FDA Approves First Biosimilar to Treat Macular Degeneration

Biogen/Samsung Bioepis’ Byooviz is a biosimilar of Genentech’s Lucentis.

The FDA has approved Biogen and Samsung Bioepis’ Byooviz (ranibizumab-nuna) as the first biosimilar to Genentech’s Lucentis (ranibizumab injection) for the treatment of several eye diseases and conditions, including neovascular (wet) age-related macular degeneration, a leading cause of vision loss and blindness for Americans over the age of 65. Byooviz is also approved to treat macular edema following retinal vein occlusion (blockage of veins in the retina) and myopic choroidal neovascularization, a vision-threatening complication of myopia (nearsightedness).

Byooviz is an anti-vascular endothelial growth factor (VEGF) therapy that prevents vision loss in patients with retinal vascular disorders, which can cause irreversible blindness or visual impairments in adults in the United States.

The FDA approval of Byooviz was based on a totality of evidence including analytical, nonclinical data, and clinical data. In a phase 3 study, the efficacy, safety, pharmacokinetics, and immunogenicity of Byooviz was compared with Lucentis in patients with wet AMD.

“Today’s approval provides another treatment option for millions of people whose vision is impaired and is another step forward in our commitment to provide access to safe, effective and high-quality biological products,” Sarah Yim, M.D., director of the Office of Therapeutic Biologics and Biosimilars in the FDA’s Center for Drug Evaluation and Research, said in a statement.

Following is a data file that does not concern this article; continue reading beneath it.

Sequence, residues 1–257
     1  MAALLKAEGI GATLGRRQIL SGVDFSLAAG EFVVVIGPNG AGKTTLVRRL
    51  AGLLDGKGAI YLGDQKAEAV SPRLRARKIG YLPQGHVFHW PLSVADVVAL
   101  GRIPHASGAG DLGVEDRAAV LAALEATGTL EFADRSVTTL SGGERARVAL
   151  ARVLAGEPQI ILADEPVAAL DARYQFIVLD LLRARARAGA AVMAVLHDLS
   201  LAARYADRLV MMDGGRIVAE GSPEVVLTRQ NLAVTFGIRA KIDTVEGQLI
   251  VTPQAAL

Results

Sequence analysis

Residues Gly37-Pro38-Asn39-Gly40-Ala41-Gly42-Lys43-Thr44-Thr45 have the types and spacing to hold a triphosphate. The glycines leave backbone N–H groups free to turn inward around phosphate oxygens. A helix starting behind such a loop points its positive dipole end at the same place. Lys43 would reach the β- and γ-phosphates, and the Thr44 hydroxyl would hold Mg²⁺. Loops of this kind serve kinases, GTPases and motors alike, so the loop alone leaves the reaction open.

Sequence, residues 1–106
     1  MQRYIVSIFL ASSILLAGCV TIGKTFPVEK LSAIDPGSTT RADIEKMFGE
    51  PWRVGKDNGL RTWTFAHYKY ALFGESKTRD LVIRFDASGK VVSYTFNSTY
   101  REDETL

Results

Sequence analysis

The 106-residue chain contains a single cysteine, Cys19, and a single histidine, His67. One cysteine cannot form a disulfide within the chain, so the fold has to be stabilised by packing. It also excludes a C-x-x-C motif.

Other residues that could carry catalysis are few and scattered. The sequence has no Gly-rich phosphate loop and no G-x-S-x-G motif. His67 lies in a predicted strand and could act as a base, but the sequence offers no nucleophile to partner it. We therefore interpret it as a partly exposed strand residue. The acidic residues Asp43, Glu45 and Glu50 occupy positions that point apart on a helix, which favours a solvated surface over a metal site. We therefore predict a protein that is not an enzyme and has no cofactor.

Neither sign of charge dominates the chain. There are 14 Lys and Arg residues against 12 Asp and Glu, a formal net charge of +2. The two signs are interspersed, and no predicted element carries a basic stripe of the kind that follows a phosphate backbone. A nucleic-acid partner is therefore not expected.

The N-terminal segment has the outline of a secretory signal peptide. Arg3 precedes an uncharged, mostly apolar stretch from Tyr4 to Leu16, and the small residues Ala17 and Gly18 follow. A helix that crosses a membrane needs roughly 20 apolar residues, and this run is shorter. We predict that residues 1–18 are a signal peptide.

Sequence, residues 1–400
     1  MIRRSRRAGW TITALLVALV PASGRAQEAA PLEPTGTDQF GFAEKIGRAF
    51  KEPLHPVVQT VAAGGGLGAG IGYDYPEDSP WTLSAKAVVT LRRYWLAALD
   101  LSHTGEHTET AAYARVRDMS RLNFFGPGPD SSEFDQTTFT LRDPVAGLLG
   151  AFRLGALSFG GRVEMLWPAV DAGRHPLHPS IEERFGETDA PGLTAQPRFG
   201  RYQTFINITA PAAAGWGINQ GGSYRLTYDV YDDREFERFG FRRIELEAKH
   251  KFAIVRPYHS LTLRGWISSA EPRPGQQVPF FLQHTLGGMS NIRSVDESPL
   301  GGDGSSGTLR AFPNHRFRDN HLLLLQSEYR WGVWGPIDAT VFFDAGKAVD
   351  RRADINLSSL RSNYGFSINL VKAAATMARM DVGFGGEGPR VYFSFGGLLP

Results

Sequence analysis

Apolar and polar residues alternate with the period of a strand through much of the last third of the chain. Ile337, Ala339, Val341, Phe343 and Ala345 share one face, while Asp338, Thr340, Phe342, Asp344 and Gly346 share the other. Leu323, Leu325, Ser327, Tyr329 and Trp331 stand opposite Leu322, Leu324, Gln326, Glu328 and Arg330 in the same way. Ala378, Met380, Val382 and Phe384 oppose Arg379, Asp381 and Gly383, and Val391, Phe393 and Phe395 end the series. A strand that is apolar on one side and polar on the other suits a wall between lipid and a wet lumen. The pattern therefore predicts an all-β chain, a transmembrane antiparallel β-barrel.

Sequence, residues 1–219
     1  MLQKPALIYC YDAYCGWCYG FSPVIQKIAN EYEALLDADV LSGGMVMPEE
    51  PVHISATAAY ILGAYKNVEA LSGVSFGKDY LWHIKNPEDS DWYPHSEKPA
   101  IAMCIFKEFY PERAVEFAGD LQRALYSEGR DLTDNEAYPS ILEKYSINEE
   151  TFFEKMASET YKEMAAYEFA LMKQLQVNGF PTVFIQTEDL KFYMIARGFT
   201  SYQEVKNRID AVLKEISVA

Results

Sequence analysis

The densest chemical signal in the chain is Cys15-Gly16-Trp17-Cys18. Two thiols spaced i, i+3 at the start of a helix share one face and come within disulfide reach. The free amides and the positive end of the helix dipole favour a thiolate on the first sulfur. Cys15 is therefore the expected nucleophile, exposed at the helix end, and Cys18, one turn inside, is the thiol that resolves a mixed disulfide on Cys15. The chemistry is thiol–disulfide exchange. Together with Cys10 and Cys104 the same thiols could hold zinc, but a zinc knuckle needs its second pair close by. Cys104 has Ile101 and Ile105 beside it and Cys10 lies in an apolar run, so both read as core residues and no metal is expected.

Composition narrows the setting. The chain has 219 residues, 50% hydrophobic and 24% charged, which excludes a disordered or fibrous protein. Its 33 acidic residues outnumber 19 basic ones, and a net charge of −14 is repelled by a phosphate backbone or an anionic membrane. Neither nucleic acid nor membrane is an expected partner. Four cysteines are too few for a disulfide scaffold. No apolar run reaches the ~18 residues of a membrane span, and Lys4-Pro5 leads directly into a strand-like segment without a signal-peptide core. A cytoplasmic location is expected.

There are two types of AMD—dry and wet. While dry AMD is more common, wet AMD leads to vision loss at a faster rate. Both macular edema and myopic choroidal neovascularization can also lead to visual impairment. About 11 million people are affected with AMD in the United States alone, with a global prevalence of 170 million.

Byooviz was approved in the European Union (EU) on August 18, 2021, and the United Kingdom on August 31, 2021.

BYOOVIZ is Samsung Bioepis’ fifth biosimilar approved in the United States, following the approval of Renflexis (infliximab-abda), a biosimilar of Remicade approved in April 2017 to treat several autoimmune diseases including Crohn’s and rheumatoid, Ontruzant (trastuzumab-dttb), a biosimilar of Herceptin approved in January 2019 to treat HER2-positive breast and gastric cancer, Eticovo (etanercept-ykro), a biosimilar of Enbrel approved in April 2019 to treat arthritis and plaque psoriasis, and Hadlima (adalimumab-bwwd), a biosimilar of Humira approved in July 2019 to treat arthritis and psoriasis.